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Schmitt, Olivier – Gouvy: the man and his works




At school Théodore Gouvy was a brilliant pupil, with a particular interest in the classics. After passing his baccalauréat in 1836, he went to Paris to study law, but his heart was not in the subject. Furthermore – another reason for abandoning his studies – he had difficulty in obtaining the French nationality he needed in order to be able to sit the examinations. In the meantime he saved up to attend operas and concerts, and he read many scores. He took piano lessons with Édouard Billard (a student of the renowned Henri Herz), frequented the salons and met the musical personalities present in the capital. Before long he decided to take up music as a career. Until 1841 he took lessons in harmony and counterpoint with Antoine Elwart, a professor at the Paris Conservatoire, who had won the Grand Prix de Rome in 1834. At the same time he also studied piano with Pierre-Joseph Zimmermann, whose pupils included Charles-Valentin Alkan, César Franck and Clara Schumann.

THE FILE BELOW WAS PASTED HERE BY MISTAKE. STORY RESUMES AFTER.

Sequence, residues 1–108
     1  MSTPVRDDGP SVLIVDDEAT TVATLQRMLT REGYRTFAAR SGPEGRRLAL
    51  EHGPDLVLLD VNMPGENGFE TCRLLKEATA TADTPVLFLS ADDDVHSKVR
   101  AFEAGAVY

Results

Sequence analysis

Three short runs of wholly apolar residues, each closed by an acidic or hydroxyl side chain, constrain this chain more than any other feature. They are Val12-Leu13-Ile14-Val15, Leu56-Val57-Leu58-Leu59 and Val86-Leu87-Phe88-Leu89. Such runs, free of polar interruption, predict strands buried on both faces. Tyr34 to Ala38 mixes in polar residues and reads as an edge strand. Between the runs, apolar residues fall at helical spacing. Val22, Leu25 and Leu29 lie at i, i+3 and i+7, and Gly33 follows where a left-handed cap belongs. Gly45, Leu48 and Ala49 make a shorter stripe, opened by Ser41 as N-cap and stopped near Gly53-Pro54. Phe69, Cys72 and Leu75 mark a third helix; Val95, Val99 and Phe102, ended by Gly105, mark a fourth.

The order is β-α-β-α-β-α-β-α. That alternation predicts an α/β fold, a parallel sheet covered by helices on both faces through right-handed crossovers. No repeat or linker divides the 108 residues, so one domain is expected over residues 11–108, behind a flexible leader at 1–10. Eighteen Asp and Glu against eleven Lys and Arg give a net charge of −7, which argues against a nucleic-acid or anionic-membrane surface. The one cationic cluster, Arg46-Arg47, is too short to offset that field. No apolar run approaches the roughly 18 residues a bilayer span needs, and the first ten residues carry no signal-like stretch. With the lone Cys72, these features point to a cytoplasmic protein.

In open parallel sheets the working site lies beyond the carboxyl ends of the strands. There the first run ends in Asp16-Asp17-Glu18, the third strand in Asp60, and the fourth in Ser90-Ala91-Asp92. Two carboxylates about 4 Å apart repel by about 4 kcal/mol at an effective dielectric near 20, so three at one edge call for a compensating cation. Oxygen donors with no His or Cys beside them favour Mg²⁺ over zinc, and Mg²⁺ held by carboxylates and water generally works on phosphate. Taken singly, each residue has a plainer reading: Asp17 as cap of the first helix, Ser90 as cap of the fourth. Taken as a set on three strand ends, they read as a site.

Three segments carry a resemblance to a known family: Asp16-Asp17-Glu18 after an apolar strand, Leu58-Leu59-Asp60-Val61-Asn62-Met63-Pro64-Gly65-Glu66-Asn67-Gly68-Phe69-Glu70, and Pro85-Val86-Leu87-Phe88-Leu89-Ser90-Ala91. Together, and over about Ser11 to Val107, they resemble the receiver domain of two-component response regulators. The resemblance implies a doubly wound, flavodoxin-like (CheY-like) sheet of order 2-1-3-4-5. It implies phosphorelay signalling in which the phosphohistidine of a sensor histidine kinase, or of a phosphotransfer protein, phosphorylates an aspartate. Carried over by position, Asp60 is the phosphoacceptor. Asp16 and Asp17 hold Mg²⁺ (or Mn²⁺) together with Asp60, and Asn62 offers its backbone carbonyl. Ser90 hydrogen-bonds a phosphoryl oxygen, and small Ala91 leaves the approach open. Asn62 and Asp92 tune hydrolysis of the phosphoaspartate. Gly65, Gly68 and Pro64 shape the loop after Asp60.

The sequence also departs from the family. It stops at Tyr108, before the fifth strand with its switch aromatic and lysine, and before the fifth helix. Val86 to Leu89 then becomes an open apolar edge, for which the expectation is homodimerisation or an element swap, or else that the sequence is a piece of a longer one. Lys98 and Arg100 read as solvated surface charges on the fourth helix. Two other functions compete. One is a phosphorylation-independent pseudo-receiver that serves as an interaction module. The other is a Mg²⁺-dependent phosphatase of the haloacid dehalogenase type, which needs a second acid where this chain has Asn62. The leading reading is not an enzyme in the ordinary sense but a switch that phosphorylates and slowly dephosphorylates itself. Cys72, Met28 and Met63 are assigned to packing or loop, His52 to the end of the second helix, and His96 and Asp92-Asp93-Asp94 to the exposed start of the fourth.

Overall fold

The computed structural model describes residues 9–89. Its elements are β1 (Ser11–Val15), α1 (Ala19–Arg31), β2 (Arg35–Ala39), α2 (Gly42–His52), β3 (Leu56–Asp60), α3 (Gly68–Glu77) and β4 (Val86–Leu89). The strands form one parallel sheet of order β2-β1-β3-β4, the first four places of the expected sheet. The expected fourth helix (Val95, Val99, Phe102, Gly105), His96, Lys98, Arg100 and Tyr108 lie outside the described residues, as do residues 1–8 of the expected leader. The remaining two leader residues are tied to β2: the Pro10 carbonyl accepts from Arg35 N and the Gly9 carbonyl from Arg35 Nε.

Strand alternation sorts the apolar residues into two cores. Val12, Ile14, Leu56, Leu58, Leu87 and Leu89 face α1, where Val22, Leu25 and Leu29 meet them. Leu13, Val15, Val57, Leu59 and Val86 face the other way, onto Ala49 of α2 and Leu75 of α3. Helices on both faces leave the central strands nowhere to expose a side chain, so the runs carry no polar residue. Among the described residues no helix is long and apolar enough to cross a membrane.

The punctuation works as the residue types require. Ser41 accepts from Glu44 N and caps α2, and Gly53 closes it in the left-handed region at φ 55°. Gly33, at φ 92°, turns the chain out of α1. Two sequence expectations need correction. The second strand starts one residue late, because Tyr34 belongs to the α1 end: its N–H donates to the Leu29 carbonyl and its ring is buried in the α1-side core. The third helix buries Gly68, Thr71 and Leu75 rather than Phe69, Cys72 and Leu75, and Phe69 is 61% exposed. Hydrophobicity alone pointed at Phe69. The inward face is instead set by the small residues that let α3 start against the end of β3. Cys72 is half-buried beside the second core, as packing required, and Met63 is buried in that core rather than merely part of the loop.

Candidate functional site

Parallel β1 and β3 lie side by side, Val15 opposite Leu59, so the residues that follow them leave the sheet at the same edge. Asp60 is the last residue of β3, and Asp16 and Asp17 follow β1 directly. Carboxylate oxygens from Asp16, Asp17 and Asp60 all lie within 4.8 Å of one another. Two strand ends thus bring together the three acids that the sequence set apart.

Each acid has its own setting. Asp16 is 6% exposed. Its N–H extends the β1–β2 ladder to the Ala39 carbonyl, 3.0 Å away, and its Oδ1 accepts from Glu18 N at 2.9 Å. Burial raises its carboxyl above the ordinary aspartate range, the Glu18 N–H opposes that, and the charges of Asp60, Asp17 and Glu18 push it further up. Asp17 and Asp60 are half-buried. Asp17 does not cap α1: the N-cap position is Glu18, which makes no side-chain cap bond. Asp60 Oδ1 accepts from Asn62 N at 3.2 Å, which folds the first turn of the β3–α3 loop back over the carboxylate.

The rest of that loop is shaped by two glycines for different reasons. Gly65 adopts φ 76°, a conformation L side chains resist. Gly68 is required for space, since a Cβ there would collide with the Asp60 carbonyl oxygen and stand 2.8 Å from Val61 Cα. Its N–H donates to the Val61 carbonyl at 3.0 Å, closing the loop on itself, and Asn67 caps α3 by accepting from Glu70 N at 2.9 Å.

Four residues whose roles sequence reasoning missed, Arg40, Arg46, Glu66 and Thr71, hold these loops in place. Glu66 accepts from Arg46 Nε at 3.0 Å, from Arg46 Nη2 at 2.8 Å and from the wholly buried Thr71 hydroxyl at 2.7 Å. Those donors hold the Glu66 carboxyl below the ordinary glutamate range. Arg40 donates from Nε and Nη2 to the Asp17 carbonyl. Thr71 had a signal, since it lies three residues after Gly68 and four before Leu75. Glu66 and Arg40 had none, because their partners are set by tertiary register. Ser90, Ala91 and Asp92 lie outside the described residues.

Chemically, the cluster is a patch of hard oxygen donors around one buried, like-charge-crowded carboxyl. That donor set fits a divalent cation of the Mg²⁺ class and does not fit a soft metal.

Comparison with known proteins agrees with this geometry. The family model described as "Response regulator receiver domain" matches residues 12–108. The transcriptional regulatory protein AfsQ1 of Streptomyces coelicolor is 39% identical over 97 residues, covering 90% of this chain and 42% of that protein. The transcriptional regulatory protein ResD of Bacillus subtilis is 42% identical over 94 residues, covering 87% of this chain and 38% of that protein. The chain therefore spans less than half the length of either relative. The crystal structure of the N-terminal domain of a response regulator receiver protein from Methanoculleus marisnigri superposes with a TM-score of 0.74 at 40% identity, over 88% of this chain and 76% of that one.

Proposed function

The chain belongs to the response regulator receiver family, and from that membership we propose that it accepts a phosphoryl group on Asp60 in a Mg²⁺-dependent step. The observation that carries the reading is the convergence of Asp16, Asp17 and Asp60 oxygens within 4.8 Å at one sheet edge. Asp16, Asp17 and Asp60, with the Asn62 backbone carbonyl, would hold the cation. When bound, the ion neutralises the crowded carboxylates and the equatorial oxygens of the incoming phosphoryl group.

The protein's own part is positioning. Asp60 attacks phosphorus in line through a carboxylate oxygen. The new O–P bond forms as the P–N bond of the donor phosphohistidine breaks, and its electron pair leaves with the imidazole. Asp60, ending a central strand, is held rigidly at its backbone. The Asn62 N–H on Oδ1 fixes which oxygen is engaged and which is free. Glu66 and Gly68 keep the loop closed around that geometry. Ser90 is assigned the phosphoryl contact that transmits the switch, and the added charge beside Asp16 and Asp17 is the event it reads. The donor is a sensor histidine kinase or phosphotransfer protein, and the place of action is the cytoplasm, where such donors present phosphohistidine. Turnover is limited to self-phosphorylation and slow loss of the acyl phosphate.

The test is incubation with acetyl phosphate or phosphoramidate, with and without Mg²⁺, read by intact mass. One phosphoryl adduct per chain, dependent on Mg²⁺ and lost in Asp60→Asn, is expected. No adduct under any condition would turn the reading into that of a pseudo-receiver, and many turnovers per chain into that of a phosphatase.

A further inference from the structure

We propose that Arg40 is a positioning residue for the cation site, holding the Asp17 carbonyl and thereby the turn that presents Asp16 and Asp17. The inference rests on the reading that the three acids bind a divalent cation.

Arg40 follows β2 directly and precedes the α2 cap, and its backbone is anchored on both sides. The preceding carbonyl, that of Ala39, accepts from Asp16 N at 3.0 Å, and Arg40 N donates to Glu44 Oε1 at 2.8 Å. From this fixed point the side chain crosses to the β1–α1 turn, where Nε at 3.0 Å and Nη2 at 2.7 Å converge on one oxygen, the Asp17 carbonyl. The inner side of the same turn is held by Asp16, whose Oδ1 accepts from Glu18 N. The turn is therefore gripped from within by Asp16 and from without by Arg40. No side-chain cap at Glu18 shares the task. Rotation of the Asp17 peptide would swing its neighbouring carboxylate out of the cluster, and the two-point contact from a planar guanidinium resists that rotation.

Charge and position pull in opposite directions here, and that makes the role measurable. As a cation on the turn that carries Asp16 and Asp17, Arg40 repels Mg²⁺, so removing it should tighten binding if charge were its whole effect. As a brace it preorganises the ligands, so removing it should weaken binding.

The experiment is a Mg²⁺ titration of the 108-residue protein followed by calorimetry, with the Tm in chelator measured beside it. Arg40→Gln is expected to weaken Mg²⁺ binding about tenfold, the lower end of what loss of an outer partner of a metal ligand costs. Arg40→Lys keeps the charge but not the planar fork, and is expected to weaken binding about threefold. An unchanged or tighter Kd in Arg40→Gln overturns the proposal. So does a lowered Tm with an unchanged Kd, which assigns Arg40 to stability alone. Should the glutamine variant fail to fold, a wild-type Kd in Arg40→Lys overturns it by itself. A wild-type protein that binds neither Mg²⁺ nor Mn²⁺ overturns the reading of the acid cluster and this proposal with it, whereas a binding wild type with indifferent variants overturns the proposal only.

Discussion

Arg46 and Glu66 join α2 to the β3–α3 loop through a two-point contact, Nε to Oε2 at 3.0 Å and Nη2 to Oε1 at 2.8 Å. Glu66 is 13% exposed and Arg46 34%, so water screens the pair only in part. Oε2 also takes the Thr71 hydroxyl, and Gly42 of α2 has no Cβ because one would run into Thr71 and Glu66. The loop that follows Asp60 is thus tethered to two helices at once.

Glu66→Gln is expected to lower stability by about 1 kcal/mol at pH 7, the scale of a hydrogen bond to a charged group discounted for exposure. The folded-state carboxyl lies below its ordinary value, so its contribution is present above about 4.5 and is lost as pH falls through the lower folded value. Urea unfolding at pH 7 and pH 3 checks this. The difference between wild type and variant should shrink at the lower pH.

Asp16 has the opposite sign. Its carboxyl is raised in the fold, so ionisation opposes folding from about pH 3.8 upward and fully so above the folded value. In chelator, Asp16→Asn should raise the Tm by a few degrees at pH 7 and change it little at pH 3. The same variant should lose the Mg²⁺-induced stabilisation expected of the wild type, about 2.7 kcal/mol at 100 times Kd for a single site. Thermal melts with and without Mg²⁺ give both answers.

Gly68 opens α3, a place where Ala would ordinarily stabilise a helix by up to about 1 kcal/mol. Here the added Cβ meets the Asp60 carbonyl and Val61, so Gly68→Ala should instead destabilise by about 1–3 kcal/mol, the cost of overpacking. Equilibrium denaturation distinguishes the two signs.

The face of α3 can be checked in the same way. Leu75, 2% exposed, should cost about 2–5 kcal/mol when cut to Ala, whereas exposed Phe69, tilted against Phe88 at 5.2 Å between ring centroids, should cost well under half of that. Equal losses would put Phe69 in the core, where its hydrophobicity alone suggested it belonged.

From the CD-Book Théodore Gouvy. Cantate, œuvres symphoniques et musique de chambre (Palazzetto Bru Zane, collection Portrait, 2013). Translation: Mary Pardoe.

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  • GOUVY, Théodore (1819-1898)